Hillary Clinton Tempts Progressives to Embrace Cheneyism

An influential journalist who supports the presidential candidate offers an unusually naked defense of her ends-justify-the-means approach to public life.

Scott Morgan / Reuters

An influential progressive writer published a blunt assessment of Hillary Clinton this week, declaring her unusually willing to transgress against civic and legal standards.

“From her adventures in cattle trading to chairing a policymaking committee in her husband's White House to running for Senate in a state she’d never lived in to her effort to use superdelegates to overturn 2008 primary results to her email servers,” Matthew Yglesias declared at Vox.com, “Clinton is clearly more comfortable than the average person with violating norms and operating in legal gray areas.”

He goes on to flesh out those examples and to offer still more:

There was no winnable Senate race for her to enter in Illinois or Arkansas in 2000, so she ran in New York instead. Barack Obama forbade her from employing Sidney Blumenthal at the State Department, so she employed him at her family's foundation instead. Sandy Berger faced criminal penalties for destroying classified documents at the National Archives, but that didn't stop Clinton from informally employing him as an adviser on sensitive Middle East peace negotiations.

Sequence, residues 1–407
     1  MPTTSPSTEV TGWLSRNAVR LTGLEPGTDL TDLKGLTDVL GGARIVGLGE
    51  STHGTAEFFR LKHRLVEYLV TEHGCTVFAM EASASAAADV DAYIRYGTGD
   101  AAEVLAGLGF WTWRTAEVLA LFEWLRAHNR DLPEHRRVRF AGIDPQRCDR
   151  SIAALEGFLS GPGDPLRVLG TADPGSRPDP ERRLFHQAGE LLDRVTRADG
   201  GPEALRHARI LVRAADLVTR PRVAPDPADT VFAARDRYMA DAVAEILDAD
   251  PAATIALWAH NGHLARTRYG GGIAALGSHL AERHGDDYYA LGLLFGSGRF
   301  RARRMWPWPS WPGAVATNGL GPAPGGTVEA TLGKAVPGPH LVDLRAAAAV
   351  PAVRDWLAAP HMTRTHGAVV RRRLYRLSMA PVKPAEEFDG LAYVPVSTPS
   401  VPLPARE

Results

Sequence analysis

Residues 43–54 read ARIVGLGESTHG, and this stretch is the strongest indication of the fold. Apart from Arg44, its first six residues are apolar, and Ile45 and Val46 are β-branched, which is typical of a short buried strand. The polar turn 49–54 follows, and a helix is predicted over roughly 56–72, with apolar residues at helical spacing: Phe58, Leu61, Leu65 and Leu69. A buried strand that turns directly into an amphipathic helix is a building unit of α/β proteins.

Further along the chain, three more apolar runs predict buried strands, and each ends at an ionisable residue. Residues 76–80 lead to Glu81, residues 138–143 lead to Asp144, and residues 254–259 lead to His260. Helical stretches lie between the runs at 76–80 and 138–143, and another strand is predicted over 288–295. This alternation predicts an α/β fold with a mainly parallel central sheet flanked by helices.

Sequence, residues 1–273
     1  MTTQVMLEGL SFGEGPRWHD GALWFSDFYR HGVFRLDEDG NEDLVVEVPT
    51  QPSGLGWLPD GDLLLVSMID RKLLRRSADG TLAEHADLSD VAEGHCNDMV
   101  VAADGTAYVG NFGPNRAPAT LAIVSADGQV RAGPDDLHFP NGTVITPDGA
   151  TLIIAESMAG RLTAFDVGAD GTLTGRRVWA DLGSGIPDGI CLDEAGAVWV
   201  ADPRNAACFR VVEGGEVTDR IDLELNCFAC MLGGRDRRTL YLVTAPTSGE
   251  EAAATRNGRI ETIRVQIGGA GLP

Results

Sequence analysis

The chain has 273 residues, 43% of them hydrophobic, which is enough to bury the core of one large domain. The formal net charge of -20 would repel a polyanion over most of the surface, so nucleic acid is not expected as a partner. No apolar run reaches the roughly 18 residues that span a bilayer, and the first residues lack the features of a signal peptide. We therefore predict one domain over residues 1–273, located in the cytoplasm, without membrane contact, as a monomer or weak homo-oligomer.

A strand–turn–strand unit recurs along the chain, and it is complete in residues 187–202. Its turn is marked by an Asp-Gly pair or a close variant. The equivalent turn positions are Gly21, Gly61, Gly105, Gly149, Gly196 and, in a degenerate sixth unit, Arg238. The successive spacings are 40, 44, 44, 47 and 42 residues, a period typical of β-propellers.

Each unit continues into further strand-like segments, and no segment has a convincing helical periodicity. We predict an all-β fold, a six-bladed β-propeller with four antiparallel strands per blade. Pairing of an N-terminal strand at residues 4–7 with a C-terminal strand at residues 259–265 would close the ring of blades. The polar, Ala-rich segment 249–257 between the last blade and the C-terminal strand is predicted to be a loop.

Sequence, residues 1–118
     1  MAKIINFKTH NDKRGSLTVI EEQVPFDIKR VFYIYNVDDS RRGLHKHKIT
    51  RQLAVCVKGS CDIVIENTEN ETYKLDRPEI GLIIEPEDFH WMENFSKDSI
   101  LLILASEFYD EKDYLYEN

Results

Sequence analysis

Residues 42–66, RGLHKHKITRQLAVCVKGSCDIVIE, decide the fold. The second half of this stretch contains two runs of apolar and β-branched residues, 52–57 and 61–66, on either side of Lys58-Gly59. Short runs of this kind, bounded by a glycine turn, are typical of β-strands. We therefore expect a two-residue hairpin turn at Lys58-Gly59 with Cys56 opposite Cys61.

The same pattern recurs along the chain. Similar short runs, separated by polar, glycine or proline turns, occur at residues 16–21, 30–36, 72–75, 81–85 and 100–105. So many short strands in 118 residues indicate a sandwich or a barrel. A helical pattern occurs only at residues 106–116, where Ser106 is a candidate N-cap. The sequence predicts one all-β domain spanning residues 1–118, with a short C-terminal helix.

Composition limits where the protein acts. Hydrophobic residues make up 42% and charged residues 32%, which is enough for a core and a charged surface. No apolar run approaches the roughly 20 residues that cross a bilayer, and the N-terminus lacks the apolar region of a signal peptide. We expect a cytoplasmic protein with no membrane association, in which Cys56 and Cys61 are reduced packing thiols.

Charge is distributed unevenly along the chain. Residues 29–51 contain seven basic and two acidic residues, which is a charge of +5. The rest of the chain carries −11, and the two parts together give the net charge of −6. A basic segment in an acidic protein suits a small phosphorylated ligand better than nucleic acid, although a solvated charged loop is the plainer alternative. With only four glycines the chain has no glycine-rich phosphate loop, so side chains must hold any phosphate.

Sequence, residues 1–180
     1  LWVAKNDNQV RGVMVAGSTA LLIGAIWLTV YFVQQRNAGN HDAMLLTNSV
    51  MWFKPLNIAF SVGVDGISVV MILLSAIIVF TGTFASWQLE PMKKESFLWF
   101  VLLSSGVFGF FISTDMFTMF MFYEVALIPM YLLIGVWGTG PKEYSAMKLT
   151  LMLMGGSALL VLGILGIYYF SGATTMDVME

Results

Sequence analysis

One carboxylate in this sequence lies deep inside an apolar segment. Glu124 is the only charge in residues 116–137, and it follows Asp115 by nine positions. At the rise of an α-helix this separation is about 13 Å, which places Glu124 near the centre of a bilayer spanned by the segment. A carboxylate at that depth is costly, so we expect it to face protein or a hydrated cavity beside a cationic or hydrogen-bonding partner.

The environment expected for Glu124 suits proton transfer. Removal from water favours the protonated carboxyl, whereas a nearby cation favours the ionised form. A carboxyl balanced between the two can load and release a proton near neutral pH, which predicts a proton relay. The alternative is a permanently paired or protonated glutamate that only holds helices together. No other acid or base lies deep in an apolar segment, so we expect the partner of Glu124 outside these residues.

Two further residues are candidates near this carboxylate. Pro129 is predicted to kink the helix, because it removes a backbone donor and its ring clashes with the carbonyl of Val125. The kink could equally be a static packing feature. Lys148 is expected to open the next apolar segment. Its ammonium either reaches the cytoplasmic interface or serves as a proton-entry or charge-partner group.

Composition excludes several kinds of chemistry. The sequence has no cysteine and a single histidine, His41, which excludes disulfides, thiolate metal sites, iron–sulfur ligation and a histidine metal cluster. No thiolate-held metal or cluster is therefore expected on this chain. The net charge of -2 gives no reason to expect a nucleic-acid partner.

She decides what she wants to do, in other words, and then she sets about finding a way to do it...

In some ways, he sees these characteristics as weaknesses: “She can't credibly portray herself as the kind of outsider who's going to clean up a broken and corrupt Washington system, because she is very much a part of that system and has been for years.”

Yet the article in question isn’t a takedown of Clinton. It is a strange endorsement of the presidential candidate. The tendencies described above demonstrate  “exactly the mentality any Democrat would need to move the needle on policy in 2017,” he writes.

He urges Democrats to support a corrupt Washington insider with an ends-justify-the-means attitude because he believes she’ll advance his preferred domestic agenda. “Committed Democrats and liberal-leaning interest groups are facing a reality in which any policy gains they achieve are going to come through the profligate use of executive authority, and Clinton is almost uniquely suited to deliver the goods,” he writes. “More than almost anyone else around, she knows where the levers of power lie, and she is comfortable pulling them, procedural niceties be damned.”